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How Do Prosecutors Respond When Selfies Constitute Child Porn?

But widespread internet use generally and social media specifically have also created another problem related to child pornography: how to respond to minors who distribute images of themselves or receive images of their underage significant others. The temptation for teenagers to take and share naked “selfies” is often met with a heavy handed response from law enforcement agencies and prosecutors.

This appears to be what happened earlier this month when a 16-year-old girl in Virginia was arrested and charged with distributing child pornography. She had taken nude pictures of herself, posted them on Twitter and sent some directly to some “male acquaintances,” who were presumably also minors.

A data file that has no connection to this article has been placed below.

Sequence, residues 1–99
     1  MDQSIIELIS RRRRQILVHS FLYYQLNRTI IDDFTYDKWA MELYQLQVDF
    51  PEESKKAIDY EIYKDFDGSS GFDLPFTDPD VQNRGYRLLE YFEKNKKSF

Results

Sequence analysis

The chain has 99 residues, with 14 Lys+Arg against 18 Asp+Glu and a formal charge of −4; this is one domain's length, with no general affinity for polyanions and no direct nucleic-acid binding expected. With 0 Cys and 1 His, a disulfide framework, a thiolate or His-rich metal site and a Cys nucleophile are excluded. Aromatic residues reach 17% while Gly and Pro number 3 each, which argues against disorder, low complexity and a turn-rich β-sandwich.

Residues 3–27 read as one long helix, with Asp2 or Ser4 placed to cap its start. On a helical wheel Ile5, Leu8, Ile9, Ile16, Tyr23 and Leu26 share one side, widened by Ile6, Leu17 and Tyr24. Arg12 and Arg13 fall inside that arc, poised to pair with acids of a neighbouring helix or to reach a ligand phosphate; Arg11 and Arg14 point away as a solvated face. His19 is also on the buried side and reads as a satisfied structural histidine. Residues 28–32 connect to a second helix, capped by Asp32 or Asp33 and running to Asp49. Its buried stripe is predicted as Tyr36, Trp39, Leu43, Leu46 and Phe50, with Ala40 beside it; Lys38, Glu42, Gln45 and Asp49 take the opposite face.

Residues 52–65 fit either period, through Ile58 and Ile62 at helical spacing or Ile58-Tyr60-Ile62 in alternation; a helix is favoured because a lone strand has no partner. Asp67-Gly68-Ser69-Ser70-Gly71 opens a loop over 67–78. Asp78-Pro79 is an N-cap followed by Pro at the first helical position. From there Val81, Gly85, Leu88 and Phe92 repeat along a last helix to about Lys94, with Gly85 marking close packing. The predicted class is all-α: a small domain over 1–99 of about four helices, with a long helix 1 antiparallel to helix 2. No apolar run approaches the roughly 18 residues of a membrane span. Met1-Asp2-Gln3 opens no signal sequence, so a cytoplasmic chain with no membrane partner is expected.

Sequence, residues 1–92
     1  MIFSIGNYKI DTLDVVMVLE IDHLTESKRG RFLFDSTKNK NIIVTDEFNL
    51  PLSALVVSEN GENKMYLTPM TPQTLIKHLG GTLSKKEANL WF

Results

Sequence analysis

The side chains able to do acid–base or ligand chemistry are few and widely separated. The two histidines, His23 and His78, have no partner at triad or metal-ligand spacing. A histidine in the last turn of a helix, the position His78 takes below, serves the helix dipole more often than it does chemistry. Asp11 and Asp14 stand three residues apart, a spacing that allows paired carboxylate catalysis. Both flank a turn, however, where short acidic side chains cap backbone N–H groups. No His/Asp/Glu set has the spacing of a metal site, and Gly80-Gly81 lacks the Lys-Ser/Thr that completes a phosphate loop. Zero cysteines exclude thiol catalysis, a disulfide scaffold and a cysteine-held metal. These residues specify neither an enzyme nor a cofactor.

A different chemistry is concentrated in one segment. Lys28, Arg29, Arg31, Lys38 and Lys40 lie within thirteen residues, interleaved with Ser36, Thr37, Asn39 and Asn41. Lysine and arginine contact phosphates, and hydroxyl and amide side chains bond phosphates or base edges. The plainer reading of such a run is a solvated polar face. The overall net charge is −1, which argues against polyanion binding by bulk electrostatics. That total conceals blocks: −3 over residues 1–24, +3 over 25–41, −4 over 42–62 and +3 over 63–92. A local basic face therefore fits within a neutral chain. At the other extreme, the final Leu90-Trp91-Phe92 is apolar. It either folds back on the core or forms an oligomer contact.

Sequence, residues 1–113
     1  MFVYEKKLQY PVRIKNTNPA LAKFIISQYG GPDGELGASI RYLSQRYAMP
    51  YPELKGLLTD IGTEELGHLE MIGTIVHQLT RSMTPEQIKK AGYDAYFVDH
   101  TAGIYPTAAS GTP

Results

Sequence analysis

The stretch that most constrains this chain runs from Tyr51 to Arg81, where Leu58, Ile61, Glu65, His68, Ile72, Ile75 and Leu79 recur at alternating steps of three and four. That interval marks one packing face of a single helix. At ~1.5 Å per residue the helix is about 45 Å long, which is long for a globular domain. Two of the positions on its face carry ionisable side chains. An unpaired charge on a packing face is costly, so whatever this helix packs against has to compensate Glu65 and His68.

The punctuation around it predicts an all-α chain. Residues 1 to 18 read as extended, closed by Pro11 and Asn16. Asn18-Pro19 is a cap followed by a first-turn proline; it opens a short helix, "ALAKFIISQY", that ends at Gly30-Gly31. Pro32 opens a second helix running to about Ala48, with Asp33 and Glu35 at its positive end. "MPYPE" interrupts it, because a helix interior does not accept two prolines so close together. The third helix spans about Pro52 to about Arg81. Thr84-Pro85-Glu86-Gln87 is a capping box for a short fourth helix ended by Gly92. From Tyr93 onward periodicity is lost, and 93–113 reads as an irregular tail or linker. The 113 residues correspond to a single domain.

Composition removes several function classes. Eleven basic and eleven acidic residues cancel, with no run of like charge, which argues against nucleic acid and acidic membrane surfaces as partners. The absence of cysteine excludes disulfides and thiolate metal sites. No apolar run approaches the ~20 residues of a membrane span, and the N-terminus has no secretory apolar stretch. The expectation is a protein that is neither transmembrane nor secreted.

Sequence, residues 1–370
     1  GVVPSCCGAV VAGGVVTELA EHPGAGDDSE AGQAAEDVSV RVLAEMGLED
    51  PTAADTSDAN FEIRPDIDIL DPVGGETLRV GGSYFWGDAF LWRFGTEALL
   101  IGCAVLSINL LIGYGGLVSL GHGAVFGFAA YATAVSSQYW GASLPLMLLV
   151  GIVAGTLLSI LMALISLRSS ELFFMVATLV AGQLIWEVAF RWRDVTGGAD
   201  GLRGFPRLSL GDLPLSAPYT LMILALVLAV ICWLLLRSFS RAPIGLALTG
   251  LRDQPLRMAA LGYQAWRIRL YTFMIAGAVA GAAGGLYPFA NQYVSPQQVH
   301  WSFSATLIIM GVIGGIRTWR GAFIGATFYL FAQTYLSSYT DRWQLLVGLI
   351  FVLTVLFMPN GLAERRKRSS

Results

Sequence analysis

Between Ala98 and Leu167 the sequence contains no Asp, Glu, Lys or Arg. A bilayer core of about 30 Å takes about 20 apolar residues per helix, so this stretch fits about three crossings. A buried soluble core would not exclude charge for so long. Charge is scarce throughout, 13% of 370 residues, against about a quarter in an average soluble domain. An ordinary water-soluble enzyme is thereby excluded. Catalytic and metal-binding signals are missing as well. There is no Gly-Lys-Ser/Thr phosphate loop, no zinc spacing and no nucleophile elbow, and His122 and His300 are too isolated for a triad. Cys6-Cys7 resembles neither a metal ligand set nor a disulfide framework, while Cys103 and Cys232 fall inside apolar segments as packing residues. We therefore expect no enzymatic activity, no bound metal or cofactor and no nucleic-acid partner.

She could now face felony charges. Indeed, similar cases within the last decade or so have resulted in criminal charges and even some convictions for minors who did the same thing. Thankfully, however, it seems likely that prosecutors in this case will either pursue probation or let her off with a warning.

To be sure, it is almost certainly a bad idea for teenagers to distribute nude photos of themselves online, regardless of whether their actions constitute criminal behavior. Few teenagers realize before the fact just how far and wide those pictures could be distributed, and that they could exist online indefinitely.

But while such photos may meet the legal definition of child pornography, the issue of criminal charges in these cases is much murkier. If minors cannot legally consent to posing for nude photos, can we expect those same minors to be held criminally responsible for photographing themselves and sharing those pictures?

Source: Business 2 Community, "16-Year-Old Arrested For Child Porn After Posting ‘Selfie’ Pics On Twitter," James Kosur, Feb. 5, 2014

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